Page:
Thursday, May 7, 2015

What to expect when you wean your child at the age of 4.2 years


When I had my baby, I didn't quite expect that I'd be breastfeeding her for longer than 12 months. If you'd suggested to me that the duration of our nursing "relationship" might be reckoned in years rather than months, I'd have laughed and told you to stop talking nonsense.

And yet it wasn't until a few months ago that I nursed my child for the last time. She was just past her 4th birthday--actually, not so far from the famous "4.2 years" which is sometimes bandied about as the global average for the duration of breastfeeding (not true, as I pointed out in another post). Well, it may not be the global average, but it was the average for my children--or child, rather, since I have just the one child and there probably won't be any more of them.

I carried on nursing for this long mostly because I was simply taking the path of least resistance--I didn't mind nursing her and had no particular reason to stop. I stopped nursing her for pretty much the  same reason. She had been losing interest for the last year or so, and I have other ways to relate to my child. She's old enough to do fun things with, now--we can chuck a ball around, we draw together and sound out simple words, she is developing a keen interest in baking and crafts, especially trying to "make" dresses for her dolls out of tissues and play-dough. I can see she will be into knitting and needlework in a few years' time.

After I had realized that she had basically stopped nursing, I was happy enough but felt slightly bothered, somehow, that I couldn't remember when the "last time" was. So when (a couple of weeks later, shortly after her 4th birthday) she asked to nurse again, I agreed and let her, simply because I wanted that sense of closure. I said to her "This is the last time, though, because you're a big girl now." She said "Yes, Mummy," very calmly and demurely. And we nursed that one last time. And that was it.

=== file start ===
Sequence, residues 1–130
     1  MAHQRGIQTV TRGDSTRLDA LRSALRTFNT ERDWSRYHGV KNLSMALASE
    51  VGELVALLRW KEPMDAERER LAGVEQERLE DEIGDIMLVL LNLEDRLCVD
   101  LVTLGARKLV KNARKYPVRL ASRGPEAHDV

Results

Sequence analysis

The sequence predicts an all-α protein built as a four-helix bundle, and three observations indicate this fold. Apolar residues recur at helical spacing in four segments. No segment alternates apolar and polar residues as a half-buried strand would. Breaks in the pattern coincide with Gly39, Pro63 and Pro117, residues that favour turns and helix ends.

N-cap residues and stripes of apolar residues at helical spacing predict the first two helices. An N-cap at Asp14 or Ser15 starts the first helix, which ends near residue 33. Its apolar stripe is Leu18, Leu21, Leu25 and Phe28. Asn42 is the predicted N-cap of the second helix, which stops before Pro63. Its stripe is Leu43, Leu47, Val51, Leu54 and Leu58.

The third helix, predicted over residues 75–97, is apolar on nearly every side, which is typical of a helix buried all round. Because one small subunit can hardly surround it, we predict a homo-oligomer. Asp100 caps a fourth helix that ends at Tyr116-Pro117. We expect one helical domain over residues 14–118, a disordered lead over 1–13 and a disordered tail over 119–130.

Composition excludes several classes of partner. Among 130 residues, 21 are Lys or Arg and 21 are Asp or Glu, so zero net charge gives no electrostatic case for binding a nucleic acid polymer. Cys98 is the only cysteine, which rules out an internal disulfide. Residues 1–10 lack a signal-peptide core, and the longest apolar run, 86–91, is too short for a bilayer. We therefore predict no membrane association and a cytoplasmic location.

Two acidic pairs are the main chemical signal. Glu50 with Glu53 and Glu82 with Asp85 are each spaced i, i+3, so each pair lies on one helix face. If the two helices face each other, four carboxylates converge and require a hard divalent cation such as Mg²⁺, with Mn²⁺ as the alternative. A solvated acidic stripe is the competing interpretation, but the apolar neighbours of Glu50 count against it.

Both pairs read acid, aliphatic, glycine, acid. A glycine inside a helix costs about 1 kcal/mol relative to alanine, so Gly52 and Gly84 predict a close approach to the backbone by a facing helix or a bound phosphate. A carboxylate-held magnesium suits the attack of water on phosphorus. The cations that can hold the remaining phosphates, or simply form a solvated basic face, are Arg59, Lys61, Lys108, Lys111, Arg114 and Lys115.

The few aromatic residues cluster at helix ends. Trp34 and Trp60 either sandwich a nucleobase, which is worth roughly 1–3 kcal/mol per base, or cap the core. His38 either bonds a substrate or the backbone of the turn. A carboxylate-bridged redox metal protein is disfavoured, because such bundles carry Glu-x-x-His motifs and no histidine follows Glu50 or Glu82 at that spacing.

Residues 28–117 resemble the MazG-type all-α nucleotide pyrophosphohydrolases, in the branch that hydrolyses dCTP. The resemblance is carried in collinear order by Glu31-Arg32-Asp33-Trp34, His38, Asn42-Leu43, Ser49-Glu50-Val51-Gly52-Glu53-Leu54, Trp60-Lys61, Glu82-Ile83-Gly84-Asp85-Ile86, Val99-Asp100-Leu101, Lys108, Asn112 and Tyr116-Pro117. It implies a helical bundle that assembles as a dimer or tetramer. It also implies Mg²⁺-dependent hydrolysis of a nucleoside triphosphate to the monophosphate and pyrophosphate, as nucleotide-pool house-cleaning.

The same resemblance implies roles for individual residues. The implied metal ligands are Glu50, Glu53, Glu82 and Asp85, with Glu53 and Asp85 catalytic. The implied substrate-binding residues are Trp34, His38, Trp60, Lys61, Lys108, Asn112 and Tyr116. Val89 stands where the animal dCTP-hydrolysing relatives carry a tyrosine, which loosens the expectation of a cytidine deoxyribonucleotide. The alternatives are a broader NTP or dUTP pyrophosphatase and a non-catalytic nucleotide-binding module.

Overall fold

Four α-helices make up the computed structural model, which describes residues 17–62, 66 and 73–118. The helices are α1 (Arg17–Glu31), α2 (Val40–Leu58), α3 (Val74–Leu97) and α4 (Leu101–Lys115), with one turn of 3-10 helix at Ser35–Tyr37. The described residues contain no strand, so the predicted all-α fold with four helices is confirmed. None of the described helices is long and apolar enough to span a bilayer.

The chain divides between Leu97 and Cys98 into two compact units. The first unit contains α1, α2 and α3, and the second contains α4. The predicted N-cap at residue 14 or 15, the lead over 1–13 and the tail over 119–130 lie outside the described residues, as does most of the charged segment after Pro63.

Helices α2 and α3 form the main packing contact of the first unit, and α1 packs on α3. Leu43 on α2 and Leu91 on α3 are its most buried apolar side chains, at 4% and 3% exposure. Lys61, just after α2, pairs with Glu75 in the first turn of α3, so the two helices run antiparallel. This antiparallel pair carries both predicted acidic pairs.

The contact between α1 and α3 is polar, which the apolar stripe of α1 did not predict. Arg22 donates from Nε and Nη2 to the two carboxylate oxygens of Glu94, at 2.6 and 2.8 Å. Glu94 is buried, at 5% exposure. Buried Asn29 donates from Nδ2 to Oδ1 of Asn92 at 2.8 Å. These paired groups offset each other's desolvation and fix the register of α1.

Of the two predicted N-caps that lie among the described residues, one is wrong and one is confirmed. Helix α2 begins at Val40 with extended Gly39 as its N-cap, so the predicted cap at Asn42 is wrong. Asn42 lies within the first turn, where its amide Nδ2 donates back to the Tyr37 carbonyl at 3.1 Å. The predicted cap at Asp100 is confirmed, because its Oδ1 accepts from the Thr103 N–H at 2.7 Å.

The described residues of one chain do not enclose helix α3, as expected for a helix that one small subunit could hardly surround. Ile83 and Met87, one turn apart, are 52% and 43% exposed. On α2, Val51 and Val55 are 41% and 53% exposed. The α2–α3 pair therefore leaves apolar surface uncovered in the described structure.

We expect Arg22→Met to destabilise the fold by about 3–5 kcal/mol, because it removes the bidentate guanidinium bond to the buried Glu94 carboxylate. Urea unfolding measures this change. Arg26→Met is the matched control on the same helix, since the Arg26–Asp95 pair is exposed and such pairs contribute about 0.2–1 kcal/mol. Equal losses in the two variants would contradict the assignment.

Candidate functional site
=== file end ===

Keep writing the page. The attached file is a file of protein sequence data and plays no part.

That was now several weeks ago. No weird hormonal changes or breast oddities so far. In fact, not-nursing-a-preschooler is pretty much exactly the same as nursing-a-preschooler (it had been so sporadic for that last year, after all). I haven't even stopped producing milk. I can still squeeze a drop or two out, even now--a couple of months later. Sometimes I wonder if that will ever go away.

And I'm still interested in infant feeding politics, and I can't see that changing any time in the future either. That interest has to compete with other sources of interest these days, of course--education-related stuff is the new obsession, and my interest in politics has picked up a lot as well in the past year. But I'll still be keeping the blog going, and in fact I'm aiming to get my act together and start posting a bit more regularly. Some time in the next couple of weeks or so, I will be putting a post together on "the real advantage of nursing a child past 12 months." Watch this space.




5 comments:

  1. Interesting and thanks! I'm still nursing my 2.5 year old (who is still super into nursing - I think he nursed for a half hour this morning) and like you, if somebody had told me I'd be measuring it in years I would have laughed in their face. But, yeah, it works for us and until it starts not working I don't see any real reason to stop. It also makes me feel better to hear that even while sporadic you still made milk since I might have to go out of town for work for a few nights and I'm mildly concerned about it.

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